60-Mile Traffic Jam in China Shows Downside of Mobility
How was your drive into work today? If you’re a typical American commuter, you may have spent a little time in traffic, and you might spend a little more time in traffic on your way home this evening. I know that I certainly do most days, and it seems to be getting worse as more cars hit the roads and available road infrastructure fails to keep pace with the growth in number of vehicles.
Well, after reading in the Wall Street Journal about a 61-mile traffic jam in China, I promise to never complain about being stuck in traffic again. (OK, not really. I’ll still complain.)
According to the article, the traffic jam begins on the outskirts of Beijing and winds its way some 60 miles to Inner Mongolia. It began when road construction on the Beijing-Tibet Highway commenced on August 13. Following that, a major road encircling Beijing was also closed, which compounded the problems.
The jam has now hit the eleven day mark, and if that’s not bad enough, authorities don’t expect relief until construction is completed and all lanes reopen around September 17. Now, it’s not to say that a car will be in traffic for a month from start to finish. But for example, a trip that might have taken three days before now takes a week or longer. The good news for those stuck in the jam is that official efforts to relieve the worst of the congestion, including asking trucking companies to curtail shipments into the affected areas wherever possible, have begun to show some results.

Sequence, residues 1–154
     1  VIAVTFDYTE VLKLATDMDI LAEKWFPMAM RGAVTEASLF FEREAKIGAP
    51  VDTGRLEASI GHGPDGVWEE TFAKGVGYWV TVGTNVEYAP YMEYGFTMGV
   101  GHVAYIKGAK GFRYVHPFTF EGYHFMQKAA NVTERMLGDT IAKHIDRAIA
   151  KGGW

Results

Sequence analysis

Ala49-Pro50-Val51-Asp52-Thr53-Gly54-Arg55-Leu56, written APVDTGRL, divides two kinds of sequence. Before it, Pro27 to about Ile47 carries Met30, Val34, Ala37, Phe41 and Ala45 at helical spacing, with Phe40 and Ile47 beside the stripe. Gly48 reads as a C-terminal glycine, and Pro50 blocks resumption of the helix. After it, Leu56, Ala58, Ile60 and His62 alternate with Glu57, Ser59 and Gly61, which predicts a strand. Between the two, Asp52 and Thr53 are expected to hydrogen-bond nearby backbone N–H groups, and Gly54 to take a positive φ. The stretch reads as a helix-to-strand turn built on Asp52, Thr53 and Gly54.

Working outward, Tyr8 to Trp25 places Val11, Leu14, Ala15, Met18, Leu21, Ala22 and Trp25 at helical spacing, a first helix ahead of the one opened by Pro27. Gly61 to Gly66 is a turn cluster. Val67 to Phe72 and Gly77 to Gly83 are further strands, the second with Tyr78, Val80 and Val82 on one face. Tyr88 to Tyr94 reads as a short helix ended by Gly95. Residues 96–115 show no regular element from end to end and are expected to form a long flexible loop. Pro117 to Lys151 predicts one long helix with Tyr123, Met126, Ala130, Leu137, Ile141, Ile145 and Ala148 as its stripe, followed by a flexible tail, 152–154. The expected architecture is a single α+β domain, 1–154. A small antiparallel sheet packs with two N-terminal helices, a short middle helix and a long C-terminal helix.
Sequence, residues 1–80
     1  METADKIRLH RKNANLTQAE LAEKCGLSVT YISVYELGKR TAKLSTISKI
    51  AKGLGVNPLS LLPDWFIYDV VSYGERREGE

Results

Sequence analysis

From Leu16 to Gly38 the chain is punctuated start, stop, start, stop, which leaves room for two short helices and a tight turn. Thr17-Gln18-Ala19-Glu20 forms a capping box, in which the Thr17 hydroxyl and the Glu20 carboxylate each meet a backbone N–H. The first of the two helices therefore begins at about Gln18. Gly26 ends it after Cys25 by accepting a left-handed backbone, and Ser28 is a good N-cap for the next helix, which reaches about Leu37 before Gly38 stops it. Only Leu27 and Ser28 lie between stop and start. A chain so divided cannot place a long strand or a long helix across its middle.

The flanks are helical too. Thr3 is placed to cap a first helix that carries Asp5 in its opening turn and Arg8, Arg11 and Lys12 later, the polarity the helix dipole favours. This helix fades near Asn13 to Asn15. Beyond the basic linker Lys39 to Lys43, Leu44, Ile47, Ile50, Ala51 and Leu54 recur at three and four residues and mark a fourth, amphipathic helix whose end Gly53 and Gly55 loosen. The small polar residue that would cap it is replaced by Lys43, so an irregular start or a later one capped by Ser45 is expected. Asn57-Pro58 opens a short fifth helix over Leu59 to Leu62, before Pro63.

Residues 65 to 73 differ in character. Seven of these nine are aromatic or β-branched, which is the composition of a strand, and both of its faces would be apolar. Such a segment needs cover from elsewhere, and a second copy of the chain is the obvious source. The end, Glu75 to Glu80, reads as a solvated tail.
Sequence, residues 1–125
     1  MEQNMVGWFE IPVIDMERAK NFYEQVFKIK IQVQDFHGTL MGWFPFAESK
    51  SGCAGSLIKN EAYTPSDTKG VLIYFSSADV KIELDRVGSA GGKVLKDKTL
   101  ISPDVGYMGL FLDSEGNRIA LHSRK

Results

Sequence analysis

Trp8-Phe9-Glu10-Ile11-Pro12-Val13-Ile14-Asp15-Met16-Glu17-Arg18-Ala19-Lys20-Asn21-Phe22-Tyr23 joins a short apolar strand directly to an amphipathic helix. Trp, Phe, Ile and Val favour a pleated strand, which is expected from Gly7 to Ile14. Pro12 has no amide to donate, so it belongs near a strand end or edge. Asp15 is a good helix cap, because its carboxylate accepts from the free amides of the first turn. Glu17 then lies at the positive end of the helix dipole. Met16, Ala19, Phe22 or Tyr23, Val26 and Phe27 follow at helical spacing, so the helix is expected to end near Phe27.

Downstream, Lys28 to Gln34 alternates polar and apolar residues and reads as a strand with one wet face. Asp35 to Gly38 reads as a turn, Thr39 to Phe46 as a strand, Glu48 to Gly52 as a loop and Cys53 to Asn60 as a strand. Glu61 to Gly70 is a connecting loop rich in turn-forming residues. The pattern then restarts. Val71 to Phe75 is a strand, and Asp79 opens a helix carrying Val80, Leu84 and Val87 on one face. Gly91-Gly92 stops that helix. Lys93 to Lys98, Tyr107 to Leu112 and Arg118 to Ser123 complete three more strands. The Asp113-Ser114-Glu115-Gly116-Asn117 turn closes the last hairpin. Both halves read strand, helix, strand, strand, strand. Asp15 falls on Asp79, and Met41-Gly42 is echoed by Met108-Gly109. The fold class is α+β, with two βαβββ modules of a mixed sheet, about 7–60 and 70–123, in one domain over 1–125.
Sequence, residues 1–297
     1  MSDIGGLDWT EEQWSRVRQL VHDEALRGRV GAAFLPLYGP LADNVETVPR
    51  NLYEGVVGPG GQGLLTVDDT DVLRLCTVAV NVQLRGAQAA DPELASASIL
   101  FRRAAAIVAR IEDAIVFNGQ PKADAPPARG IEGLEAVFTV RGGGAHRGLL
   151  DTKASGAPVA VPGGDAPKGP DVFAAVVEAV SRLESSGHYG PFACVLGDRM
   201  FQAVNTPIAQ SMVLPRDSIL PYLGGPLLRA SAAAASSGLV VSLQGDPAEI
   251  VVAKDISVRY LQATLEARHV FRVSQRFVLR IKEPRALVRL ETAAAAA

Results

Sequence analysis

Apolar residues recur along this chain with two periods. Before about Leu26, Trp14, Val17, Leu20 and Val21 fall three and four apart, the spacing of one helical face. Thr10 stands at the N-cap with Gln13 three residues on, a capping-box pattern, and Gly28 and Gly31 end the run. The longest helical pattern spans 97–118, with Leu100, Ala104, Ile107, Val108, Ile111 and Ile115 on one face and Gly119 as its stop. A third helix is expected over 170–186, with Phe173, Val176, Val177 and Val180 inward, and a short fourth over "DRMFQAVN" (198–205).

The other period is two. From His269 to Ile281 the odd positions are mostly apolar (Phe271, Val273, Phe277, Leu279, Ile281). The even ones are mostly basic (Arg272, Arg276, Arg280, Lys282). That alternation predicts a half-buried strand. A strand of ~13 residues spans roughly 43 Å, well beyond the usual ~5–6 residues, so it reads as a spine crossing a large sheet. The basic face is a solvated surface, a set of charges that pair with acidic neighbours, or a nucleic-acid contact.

Many of the vehicles do not have creature comforts that we’ve come to expect from our cars – and even long-haul trucks – here in the US, so drivers are making the best of what they have. They are buying food and wares from local villagers and playing cards with one another. Police are helping to shepherd trucks carrying essential supplies such as food or fuel through the jam more quickly than trucks carrying some other cargo are able to.
In addition to the specific problem of the construction, China’s explosive auto sales growth – the country has solidly kicked the US to second place as the world’s largest automobile market. China is racing to build more road infrastructure to keep up with this growth in vehicle registrations, but that construction will make congestion worse in the short term as lanes and roads are closed to allow the necessary work. Maintenance of the existing roadways is made more difficult because many trucks ignore the weight limits designed to protect the roads, which shortens the highways’ lifespans.
At current growth rates, Beijing is projected to have 7 million vehicles registered by 2015, up from 4 million in December 2009 and a projected 5 million by the end of 2010; the city currently has the roadway capacity for 6.7 million vehicles. With car prices rising along with production wages in China, and now traffic congestion becoming an ever-worsening problem, it’s perhaps a nice bit of schadenfreude to see Chinese motorists suffering the same way – and sometimes worse – motorists in the West do.
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